I must concede that on a first reading of the aforesaid provisions, it would appear that a plaintiff cannot have a summary judgment without first invoking the provisions of order 6 rule 13 of the Civil Procedure Rules, where a defence has been filed. However on examining rules 2, 4, 5 and 6 of order 35 of the Civil Procedure Rules, and in particular rule 5, thereof which states that “if it appears that the defence set up by the defendant applies only to a part of the claim” one is left in no doubt that order 35 rule 1 can be invoked even where the defendant has filed a defence, if such a defence is a mere sham. If it were not so, then rule 4 of the said order would not refer to a “defendant who has not filed a defence” nor would rule 5 thereof allude to a “defence set up” in the case. This point has always been taken to be as aforesaid and our courts are full of decided cases, both reported and unreported, in which our courts have proceeded on the basis that the said rule applies to where defences had infact been filed as well without any apparent objections from the defendants therein on the basis advanced herein. The latest such case is Civil Appeal No 37 of 1986 between Gatukuyu Coffee Growers Co-op Society Ltd v NatGil Enterprises Ltd (unreported) in which this court granted summary judgment although a defence had been filed before the application was made. The Court of Appeal however reversed this court’s decision on account of the fact that a triable issue had been disclosed by the defence. However in case an authority may be required for the above conclusion, I would refer to the case of Malardy vs Slatem (1890) 24 QBD 504, in which the point was taken under an English rule which is similar to our current one, and the court held that a plaintiff could obtain summary judgment where a defendant had filed a defence which did not disclose a defence to the plaintiff’s claim. Even if the aforesaid rule does not empower the court to grant a judgment, the court can nonetheless apply provisions of order 6 rule 13 at any time and arrive at the same conclusion as that intended by the current rule. I therefore find no merit in the defendant’s submissions on this issue. This application is therefore not improperly before this court nor is it frivolous or an abuse of the process of this court as it is allowed by our Civil Procedure Rules. I will now therefore consider the remaining issue, namely whether the defence filed herein discloses a defence to the plaintiff’s claim.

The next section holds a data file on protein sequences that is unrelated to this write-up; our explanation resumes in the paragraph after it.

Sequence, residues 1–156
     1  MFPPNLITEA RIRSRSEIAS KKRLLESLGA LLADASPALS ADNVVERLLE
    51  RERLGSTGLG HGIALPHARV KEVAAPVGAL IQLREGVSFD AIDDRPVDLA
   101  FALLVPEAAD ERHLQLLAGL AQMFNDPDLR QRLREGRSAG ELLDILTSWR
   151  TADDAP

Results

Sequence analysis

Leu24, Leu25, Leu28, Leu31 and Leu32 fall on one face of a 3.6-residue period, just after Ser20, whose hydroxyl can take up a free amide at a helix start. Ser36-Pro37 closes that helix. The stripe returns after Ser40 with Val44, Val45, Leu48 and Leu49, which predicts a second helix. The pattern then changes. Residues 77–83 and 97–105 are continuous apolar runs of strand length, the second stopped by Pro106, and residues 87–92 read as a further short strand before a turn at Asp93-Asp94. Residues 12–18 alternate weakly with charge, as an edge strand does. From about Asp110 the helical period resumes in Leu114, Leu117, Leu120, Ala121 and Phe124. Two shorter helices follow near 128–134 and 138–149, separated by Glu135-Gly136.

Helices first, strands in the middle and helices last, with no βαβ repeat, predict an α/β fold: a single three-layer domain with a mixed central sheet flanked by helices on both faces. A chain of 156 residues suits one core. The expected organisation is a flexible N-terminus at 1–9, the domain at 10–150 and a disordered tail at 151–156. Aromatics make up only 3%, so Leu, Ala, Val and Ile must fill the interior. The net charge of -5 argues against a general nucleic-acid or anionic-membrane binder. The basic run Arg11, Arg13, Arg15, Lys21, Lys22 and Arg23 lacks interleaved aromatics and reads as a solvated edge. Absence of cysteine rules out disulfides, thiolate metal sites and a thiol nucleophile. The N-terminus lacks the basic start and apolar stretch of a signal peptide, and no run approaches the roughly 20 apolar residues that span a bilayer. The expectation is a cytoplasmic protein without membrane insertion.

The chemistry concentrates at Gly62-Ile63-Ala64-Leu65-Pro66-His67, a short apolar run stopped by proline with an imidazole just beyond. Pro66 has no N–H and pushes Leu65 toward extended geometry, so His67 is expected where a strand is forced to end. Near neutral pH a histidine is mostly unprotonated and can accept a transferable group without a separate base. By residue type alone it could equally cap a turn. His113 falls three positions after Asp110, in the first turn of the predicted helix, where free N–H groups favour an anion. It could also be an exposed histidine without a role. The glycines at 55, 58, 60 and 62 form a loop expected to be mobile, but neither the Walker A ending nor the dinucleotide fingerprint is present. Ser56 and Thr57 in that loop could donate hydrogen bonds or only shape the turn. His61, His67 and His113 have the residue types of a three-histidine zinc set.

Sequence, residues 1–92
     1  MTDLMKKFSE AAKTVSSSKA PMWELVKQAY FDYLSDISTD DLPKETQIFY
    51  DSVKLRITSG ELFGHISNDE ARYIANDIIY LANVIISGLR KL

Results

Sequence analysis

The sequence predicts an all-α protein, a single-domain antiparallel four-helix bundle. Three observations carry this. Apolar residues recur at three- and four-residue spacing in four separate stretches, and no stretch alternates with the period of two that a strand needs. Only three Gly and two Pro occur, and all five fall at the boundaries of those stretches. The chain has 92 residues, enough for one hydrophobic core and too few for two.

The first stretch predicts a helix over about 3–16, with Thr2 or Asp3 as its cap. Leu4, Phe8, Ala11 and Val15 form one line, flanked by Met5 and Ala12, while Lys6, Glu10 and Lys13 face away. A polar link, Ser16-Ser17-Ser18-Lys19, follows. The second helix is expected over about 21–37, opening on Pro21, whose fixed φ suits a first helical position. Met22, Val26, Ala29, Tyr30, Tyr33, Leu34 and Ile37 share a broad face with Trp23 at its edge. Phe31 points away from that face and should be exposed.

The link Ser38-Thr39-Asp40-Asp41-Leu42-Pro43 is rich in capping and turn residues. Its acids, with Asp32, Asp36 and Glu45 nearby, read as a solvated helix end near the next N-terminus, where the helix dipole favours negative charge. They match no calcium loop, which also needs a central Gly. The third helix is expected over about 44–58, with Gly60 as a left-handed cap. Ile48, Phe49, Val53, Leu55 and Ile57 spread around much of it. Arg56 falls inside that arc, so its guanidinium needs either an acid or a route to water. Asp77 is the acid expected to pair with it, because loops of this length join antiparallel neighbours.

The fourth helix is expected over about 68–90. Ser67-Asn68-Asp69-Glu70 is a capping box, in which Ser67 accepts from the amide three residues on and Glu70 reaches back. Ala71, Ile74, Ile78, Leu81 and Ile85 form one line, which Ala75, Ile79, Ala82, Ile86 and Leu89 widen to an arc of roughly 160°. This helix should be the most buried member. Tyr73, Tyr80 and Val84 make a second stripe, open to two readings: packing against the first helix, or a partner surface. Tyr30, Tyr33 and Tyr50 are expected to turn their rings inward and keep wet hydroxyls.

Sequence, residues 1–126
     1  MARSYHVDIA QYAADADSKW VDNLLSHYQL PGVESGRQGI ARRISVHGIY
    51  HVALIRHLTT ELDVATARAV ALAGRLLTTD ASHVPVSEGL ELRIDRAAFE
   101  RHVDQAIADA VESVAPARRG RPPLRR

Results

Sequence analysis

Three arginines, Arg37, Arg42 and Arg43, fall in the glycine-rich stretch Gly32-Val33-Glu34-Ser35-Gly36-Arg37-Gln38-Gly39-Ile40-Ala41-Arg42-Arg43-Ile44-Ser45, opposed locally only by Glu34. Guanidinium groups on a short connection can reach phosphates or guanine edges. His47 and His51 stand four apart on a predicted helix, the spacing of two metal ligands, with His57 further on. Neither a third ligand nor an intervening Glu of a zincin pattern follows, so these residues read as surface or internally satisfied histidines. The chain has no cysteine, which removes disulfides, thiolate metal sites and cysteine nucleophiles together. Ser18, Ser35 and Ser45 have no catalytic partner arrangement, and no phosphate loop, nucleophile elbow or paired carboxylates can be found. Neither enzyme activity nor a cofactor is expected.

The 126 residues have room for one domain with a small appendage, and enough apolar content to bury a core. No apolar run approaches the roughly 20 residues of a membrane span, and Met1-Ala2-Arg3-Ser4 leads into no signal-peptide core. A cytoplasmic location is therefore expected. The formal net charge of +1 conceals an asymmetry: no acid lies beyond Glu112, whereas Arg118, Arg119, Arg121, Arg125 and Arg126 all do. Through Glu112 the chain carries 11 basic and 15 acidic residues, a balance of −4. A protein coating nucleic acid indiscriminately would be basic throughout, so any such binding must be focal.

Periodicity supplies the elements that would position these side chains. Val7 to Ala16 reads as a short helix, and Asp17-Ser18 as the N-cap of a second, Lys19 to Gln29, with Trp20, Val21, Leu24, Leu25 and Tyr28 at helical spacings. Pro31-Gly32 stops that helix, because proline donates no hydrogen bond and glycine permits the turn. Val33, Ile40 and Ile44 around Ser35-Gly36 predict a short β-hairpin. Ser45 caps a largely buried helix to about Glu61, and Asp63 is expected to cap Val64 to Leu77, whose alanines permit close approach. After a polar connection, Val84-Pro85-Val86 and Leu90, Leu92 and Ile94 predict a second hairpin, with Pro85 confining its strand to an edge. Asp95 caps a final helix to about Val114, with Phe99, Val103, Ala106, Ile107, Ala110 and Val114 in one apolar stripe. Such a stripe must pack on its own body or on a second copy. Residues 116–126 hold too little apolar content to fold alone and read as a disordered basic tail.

It is trite law of procedure that a defence must disclose the grounds on which the defendant relies and that mere denial of the facts alleged in a plaint is not sufficient. Thus, where a defendant relies on payment or non-payment of money, this fact must be specifically stated in the defence. Consequently, a defence which does not disclose facts on which a defendant relies in answer to a claim is deemed to be a mere sham and is not a defence at law.
In the present case, I wish to observe that the defendants entered their appearance to the plaintiff’s claim on 29.9.1988. Consequently by virtue of the provisions of order VIII rule 1(2) of the Civil Procedure Rules, they were supposed to file their defence within 15 days from that date unless the court orders otherwise. The defendants however filed their defence without leave on the 27th October, 1988 long after the prescribed time had expired, and had the plaintiff been so minded, it would have obtained a judgment in default of the timely filing of the defence. However, in view of order IX rule 1 of our Civil Procedure Rules, the defence though out of time, is not improperly on record having been filed before judgment and it may be considered to see whether the defendants should be allowed to defend the suit.
It is also observed that the said defence merely denies the contents of the plaint. It does not set out the facts on which the defendants rely in saying that “they are not indebted” to the plaintiff. In my view therefore, it is a mere sham intended to delay the speedy conclusion of the plaintiff’s claim. It is therefore scandalous, frivolous, vexatious and is an abuse of the process of this court. I would therefore strike it off under the provisions of order 6 rule 13 of the Civil Procedure Rules.
I also find that the claim is for a liquidated demand plus interest. It can therefore be speedily disposed of under the provisions of order 35 of the Civil Procedure Rules or under order 6 rule 13 thereof or both. In the result, I enter judgment against the defendants as prayed by the plaintiff with costs.
Dated and Delivered at Nairobi this 2nd day of June, 1989